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June 25, 2019
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VR Tutorial Breakdown: Fallout VR VATS Mechanic

by FusedVR Team on 07/05/17 10:25:00 am   Featured Blogs

The following blog post, unless otherwise noted, was written by a member of Gamasutra’s community.
The thoughts and opinions expressed are those of the writer and not Gamasutra or its parent company.

 

Tutorial Recap: Fallout VATS Live Stream

Fallout VR is one of the biggest AAA game announcements for VR yet! With the game launching soon, the FusedVR team decided to build a prototype of the VATS mechanic. Slow time. Line up your shots. Enjoy!

Implementation

Before we dive into the details, let’s clarify our prototype approach.

  • Our prototype slows time, highlights body parts, and shoots bullets.
  • Our prototype skips the VATS percentage system. For more, check out the Future Improvements section.
  • We prototyped the Bloody Mess perk sans blood!

Slowing time can be accomplished by changing the Time.timeScale value. We called ToggleVats on the press of the touchpad and learned a timeScale value of 0.05f-0.1f works great for VATS.

The next challenge was highlighting body parts. That’s where VRTK, a Unity VR interaction toolkit developed by the Stone Fox, really shined. To summarize, all we really had to do was add the VRTK_InteractableObject component to a GameObject and call ToggleHighlight at the right time. Check out our video for a step-by-step walkthrough.

Shooting bullets required spawning a GameObject and adding a force. To get Bloody Mess to work, we created a basic rig then applied an explosion force at random if a bullet hit. For a complete VATS implementation, only colliders on the targeted body should be subject to the explosion force.

We used the default code for adding an explosion force, which you can find on Unity's online docs. Configuring the explosion force depends on the rig and rigidbodies you use but, once you’re set, the results look great!

Future Improvements

If we kept working on our prototype, we’d consider explosions, bullet trails, and more physics tweaks. We would also give the percentage system a try. Originally, we believed the percentage system would remove the joy in lining up a shot. Why aim only to miss?

On second thought, the percentage system definitely adds valuable suspense. If you want to try a percentage system, here’s a simple approach:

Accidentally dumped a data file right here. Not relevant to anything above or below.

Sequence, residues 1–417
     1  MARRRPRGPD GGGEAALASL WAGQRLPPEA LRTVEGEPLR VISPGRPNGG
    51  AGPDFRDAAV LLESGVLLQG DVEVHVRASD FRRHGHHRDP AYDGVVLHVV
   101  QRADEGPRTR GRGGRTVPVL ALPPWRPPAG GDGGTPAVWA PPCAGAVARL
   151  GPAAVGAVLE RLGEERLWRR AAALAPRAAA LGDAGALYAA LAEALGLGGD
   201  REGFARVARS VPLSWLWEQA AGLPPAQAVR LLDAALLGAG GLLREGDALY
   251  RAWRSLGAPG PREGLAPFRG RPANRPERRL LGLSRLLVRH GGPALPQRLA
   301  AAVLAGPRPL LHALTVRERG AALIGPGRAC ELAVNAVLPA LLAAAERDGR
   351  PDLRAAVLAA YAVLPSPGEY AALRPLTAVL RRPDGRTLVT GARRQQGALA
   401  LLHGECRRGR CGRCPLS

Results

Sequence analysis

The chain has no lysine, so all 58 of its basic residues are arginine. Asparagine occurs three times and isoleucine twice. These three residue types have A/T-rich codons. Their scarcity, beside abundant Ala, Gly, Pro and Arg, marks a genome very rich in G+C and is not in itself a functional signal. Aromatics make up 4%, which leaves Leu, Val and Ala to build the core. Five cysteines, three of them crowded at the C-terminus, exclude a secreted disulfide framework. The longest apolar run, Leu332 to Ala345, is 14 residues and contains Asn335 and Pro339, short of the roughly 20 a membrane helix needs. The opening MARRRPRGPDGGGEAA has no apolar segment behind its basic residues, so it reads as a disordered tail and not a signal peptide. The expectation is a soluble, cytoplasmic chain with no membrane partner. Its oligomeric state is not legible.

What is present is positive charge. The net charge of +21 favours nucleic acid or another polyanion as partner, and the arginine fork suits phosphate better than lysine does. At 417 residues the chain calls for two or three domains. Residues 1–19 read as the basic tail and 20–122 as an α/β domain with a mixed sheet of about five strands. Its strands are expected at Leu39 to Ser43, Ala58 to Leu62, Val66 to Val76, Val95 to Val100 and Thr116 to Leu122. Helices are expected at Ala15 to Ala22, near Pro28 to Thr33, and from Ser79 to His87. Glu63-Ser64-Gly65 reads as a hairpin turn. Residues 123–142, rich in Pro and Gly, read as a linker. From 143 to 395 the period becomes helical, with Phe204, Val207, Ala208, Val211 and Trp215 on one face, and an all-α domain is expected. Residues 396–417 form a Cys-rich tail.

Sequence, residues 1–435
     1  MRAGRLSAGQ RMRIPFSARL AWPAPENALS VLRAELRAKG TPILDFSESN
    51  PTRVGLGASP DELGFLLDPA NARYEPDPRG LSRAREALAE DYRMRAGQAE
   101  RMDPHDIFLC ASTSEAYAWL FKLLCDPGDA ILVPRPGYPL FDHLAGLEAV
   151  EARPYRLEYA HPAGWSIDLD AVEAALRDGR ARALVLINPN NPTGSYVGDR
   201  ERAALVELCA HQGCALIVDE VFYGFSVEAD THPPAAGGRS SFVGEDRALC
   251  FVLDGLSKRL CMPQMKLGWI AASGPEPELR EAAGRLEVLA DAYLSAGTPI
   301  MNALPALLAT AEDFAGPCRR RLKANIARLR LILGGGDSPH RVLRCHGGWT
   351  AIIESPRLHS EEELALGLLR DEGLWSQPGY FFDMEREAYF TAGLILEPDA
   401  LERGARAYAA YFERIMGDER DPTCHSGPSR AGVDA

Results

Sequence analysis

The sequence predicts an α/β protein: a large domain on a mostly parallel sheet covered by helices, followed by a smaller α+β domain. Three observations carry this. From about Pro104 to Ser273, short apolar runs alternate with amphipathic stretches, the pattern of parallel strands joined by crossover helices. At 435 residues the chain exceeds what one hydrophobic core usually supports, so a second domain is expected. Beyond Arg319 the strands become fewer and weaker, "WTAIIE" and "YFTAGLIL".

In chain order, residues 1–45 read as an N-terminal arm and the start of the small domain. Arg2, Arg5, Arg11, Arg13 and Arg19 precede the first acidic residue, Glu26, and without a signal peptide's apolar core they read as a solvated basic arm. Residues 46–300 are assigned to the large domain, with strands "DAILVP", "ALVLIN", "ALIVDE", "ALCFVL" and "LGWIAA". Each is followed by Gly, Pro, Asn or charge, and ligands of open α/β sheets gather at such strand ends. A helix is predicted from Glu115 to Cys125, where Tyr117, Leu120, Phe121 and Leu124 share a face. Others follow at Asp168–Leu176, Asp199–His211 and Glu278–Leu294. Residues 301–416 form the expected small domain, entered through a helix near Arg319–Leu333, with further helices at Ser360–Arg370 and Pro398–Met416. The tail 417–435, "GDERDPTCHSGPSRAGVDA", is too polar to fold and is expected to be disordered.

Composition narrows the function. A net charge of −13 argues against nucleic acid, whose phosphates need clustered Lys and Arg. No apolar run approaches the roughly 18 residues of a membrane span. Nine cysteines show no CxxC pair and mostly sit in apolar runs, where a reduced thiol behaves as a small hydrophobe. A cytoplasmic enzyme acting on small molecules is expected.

• Add a float called hitProbability that starts at value 1f to the VatsHandler script.
  • For every consecutive shot during VATS mode, decrement hitProbabilityby a fixed amount.
  • Randomly generate a number between 0f and 1f. If that number is greater than hitProbability, turn off the bullet’s collider.
  • When you leave VATS mode, reset hitProbability to 1.
  • Extra Credit: use a raycast to check what body part the bullet is targeting and modify the hitProbability accordingly.

To Conclude

Our prototype was further evidence of a lesson we’ve seen over and over. Playing with physics and time in VR is a very simple way to create a fun experience. We’re not sure why but we have some guesses:

  • Delight in a virtual world is all about setting expectations for a user and making good on those expectations. When the world works the way you expect, you’re stoked! When the world does not, you’re sad. In that way, someone trying your VR experience for the first time is a lot like a baby learning about the real world. Physics simulations are among the easiest ways to let anyone test a world — real or virtual.
  • Playing with time in VR enables you to experience something you’ve never seen in real life but have always imagined. That’s living the dream — literally!

It’s never easy to take on a beloved mechanic, but the process is a blast! Check out our tutorial, share your thoughts on how VATS should work in VR, and let us know if you create any extensions so we can showcase your work. Happy building!


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